After several months I escaped from the juvenile facility holding me and eventually ended up living in the streets in a place called Ocean View in Norfolk, VA. Ocean View was nothing more than a strip of hotels, bars, and crack houses that ran parallel with the beach. Ocean View was full of teenage runaways. I met girls as young as 13 years old prostituting themselves for crack or for the love of a pimp. Although I knew the destructive power of crack, I began selling it to survive. I was good a selling crack because I was cold and I didn’t smoke it. The more money that I made, the more indifferent I became to the suffering going on all around me.
It finally took the death of my girlfriend and our unborn child from a crack cocaine overdose to make me realize the hopelessness of being addicted to crack. Nevertheless, at age 17 I was arrested and certified as an adult, and send to prison for the first time for selling crack to an undercover cop. I hit rock bottom in prison. My young spirit yearned to be free. I was young and powerfully built but others my age weren’t as strong. While doing time in a prison called called “Fasm” I witnessed a friend of mine being brutally raped and beaten. Although I did what I could do to stop it, I have always felt that I didn’t do enough. Seeing something like that changed me forever, but it wasn’t until many years later something similar happened to me in prison, that my heart was filled with unforgiveness and my heart of flesh was turned into a heart of stone. But God knew that my heart was a living stone, one that could stand up to pressure and be shaped without shattering from the heat or cold of life.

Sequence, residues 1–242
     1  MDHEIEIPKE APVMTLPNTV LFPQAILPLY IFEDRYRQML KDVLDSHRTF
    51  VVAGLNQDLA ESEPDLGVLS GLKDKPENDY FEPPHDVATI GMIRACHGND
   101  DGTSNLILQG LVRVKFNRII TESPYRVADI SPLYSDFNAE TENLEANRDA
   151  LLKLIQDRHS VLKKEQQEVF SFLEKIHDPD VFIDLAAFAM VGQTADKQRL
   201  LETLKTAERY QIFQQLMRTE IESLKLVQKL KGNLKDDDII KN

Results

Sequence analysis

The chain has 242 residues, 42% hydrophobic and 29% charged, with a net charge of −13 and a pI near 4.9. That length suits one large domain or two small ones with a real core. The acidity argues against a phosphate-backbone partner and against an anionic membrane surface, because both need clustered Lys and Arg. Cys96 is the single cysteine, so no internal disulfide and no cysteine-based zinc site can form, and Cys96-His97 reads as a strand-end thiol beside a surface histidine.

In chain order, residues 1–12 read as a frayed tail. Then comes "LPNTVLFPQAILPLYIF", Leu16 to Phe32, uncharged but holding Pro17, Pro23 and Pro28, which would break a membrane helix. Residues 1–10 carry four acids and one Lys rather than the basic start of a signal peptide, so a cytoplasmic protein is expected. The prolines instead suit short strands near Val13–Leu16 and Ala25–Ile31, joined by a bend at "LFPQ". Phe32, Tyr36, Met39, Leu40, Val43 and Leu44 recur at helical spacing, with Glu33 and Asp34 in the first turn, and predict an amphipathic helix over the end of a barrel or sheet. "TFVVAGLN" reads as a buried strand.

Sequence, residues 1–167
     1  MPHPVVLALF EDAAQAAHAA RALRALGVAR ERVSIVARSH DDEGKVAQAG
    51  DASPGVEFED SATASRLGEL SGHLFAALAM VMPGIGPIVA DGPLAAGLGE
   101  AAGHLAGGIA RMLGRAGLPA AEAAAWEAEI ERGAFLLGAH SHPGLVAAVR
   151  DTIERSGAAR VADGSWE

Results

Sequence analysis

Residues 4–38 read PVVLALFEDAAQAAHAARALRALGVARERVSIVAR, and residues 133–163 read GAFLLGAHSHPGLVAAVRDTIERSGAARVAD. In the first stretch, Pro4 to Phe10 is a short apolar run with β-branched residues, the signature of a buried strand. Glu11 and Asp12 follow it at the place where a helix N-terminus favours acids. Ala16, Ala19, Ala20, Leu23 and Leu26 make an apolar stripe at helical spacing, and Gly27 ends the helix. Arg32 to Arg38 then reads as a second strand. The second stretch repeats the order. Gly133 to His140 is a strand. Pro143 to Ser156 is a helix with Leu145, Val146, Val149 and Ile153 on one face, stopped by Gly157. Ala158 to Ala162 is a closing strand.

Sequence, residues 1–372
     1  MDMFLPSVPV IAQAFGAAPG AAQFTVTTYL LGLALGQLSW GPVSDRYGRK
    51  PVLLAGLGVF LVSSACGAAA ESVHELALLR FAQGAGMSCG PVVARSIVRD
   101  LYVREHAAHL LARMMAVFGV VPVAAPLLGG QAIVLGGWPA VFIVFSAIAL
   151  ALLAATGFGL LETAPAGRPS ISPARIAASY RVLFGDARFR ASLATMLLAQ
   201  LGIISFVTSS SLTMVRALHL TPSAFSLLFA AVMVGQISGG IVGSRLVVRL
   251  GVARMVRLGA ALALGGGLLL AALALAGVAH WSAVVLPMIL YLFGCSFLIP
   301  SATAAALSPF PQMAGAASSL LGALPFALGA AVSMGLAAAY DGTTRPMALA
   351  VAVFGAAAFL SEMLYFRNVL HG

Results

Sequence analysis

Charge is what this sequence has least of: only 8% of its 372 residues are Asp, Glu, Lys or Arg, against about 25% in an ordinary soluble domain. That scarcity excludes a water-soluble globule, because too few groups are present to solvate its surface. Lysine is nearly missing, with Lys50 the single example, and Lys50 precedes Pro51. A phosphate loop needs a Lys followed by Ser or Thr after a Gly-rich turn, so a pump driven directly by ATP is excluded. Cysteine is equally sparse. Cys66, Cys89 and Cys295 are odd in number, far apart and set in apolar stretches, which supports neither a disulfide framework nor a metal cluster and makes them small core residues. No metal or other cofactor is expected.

After 22 months of riots, which seemed like a gladiator’s school, I was given $25 and released from prison. I went back to the city of Norfolk and it wasn’t long before I began selling drugs again. One night I was robbed at gunpoint, but even having an automatic weapon pointed in my face wasn’t enough to get me off the streets. But nearly losing my life over a few hundred dollars caused me to search for another way to support myself. Unfortunately, I gave up selling crack and began robbing people.
When my parole office learned that I was seeking revenge against one of the men who robbed me, he made me leave the Norfolk. A few weeks later, I found myself working in a furniture factory in Martinsville, VA where I met the mother of my daughter. She and I dated and it wasn’t long before she was pregnant. Learning that I would soon become a father again depressed me because I knew that I had already committed two armed robberies. After a short period on the run, I was caught and sent back to prison.
I experienced many bad things in prison and to cope I spent many years in prison smoking marijuana, drinking wine and picking up more time for several malicious woundings and an escape attempt that made the national news in 1996. In 1998 I was sent to Virginia’s supermax prison, Red Onion, where I have spent over 20 years in solitary confinement. In 2013, I was diagnosed with manic depression and post-traumatic stress disorder as a result of the abuse I suffered in solitary confinement.